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  8. Andy

    Andy Administrator Staff Member

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    50% off is a lot. I may rethink my insistence on 24/7 heart rate monitoring....
     
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  9. andypants

    andypants Established Member (Voting Rights)

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    It is the downside of having such a small and neat monitor. I use a polar a370 as well for daytime heart rate and AT alarms. The screen is an important part of that, which would be difficult with the ring anyway.

    I use the apps for both, then track the numbers I want to follow closely in LogsAll to combine them. I like that both of them can stay on in the shower, as I would forget to take them off anyway.
     
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  10. NelliePledge

    NelliePledge Senior Member (Voting Rights)

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    I'm definitely not upgrading if they haven't got HR sorted yet
     
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  11. Diwi9

    Diwi9 Established Member (Voting Rights)

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    If POTS is a major symptom, the Oura is not a substitute for a HR monitor. It has worked for me, but my POTS is mild/intermittent. The small heart rate monitoring that Oura provides helps me know my baseline for a given day. Typically if it is high, it's a sign that I'm vulnerable for a crash. The sleep tracking is really good (as is the activity monitor) and the reason I purchased one in the first place.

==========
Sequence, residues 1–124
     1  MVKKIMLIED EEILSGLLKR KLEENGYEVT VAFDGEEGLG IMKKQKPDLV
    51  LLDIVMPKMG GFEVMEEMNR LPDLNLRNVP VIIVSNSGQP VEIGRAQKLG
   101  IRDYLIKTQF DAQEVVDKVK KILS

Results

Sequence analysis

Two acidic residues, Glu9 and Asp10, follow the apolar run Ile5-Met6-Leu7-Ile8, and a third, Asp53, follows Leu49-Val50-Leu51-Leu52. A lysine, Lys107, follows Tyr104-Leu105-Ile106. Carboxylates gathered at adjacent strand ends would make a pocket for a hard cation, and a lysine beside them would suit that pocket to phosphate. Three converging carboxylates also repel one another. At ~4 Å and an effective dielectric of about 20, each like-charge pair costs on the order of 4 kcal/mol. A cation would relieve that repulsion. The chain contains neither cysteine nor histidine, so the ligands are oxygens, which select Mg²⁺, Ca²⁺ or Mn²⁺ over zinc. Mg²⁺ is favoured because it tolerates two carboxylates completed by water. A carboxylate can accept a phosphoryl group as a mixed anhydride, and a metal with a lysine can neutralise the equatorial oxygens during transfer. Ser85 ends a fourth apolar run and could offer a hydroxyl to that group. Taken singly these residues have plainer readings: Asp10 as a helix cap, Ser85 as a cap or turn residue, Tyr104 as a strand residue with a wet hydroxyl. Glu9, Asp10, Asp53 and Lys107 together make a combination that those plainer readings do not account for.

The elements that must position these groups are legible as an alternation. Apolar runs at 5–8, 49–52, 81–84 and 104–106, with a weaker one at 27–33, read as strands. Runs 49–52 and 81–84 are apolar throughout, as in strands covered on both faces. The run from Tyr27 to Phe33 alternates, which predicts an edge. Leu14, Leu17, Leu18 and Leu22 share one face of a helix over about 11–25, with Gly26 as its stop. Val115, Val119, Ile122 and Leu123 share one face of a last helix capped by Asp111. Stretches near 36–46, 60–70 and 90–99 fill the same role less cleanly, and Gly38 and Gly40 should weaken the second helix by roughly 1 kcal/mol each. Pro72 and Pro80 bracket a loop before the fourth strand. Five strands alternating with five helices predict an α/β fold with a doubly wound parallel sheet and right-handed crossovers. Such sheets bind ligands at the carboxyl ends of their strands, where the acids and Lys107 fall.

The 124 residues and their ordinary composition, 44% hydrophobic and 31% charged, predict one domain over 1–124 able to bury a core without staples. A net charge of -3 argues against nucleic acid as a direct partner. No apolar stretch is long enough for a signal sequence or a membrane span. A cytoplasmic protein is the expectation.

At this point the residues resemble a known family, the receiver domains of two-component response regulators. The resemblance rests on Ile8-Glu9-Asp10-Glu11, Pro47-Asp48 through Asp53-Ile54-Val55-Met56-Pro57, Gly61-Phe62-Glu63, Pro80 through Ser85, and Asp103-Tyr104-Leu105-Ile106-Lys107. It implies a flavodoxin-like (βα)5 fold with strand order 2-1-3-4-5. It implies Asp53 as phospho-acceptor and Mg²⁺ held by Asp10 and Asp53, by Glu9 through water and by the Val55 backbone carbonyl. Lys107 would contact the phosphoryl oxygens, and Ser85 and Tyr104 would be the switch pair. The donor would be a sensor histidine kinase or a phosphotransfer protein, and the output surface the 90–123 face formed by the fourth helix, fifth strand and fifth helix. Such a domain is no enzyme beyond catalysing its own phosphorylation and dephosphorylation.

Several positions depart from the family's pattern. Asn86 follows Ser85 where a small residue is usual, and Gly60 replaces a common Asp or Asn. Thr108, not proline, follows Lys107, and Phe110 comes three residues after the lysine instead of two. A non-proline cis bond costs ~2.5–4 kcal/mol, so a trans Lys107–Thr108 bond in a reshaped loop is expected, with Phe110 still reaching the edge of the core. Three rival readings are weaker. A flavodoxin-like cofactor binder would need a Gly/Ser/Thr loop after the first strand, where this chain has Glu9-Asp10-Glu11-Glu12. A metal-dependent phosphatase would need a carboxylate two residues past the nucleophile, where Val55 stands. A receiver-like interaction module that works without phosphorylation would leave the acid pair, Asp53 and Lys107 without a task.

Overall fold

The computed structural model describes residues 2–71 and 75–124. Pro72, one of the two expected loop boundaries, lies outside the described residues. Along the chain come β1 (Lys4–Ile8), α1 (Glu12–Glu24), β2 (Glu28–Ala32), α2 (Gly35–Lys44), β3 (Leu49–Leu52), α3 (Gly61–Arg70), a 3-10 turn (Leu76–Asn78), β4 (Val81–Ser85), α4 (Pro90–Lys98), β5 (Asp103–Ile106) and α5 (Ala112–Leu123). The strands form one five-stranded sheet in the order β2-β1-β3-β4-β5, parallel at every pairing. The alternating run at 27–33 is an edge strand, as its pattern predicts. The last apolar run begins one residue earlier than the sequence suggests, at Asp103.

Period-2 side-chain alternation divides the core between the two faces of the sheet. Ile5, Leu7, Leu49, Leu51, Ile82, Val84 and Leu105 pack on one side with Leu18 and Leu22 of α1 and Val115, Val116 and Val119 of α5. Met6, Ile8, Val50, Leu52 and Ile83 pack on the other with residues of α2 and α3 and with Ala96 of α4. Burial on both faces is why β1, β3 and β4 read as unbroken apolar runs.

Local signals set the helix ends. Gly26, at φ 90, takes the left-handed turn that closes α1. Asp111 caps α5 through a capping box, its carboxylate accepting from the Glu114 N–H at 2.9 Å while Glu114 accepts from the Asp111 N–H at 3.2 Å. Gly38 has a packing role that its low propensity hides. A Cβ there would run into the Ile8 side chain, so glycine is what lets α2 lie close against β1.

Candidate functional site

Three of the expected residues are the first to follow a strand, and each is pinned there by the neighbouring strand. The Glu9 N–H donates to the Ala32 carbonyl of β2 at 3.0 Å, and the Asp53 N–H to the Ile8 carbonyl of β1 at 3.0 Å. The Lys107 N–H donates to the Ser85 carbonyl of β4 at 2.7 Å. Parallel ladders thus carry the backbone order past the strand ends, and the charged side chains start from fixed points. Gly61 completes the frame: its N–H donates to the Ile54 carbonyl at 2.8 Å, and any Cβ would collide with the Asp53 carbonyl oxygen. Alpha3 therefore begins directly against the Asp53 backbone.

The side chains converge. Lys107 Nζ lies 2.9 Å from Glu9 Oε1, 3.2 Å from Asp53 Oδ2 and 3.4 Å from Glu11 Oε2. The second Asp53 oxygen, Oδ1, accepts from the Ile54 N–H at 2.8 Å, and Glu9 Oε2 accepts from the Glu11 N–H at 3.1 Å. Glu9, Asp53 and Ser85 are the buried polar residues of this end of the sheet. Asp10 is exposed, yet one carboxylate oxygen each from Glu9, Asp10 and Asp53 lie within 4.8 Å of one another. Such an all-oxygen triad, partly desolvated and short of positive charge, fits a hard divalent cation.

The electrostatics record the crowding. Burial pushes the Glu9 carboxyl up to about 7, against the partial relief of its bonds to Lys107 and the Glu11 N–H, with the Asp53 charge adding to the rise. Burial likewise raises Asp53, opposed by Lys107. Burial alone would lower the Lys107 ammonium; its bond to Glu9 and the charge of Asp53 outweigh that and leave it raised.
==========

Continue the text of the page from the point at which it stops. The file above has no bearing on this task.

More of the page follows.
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  12. NelliePledge

    NelliePledge Senior Member (Voting Rights)

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    I can't get my head around what HRV is telling me and what a normal one looks like any suggestions for (plain English) info on this?
     
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  13. Diwi9

    Diwi9 Established Member (Voting Rights)

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    I don't understand HRV and how to properly monitor it.

    I should clarify that I was using Oura's Resting Heart Rate tracker. I noticed that when my HRH was between the upper 40's and low 50's, I was doing better. If it began to creep up and get into the 60's, I was in a crash.
     
  14. andypants

    andypants Established Member (Voting Rights)

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    There's a series of blogpost about how to monitor and use HRV for ME/CFS here.

    There's a lot of text (but nice screenshots and examples too). Important point about HRV - like heart rate it's very individual. You'll need to track it over time to learn what are your optimal levels and warning signs. I can give you some personal examples if it's of any use to you, just send me a PM. For Oura users Oura Cloud will give you better use of HRV than the app.
     
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  15. andypants

    andypants Established Member (Voting Rights)

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    Same principle with HRV, seems like you've already got it!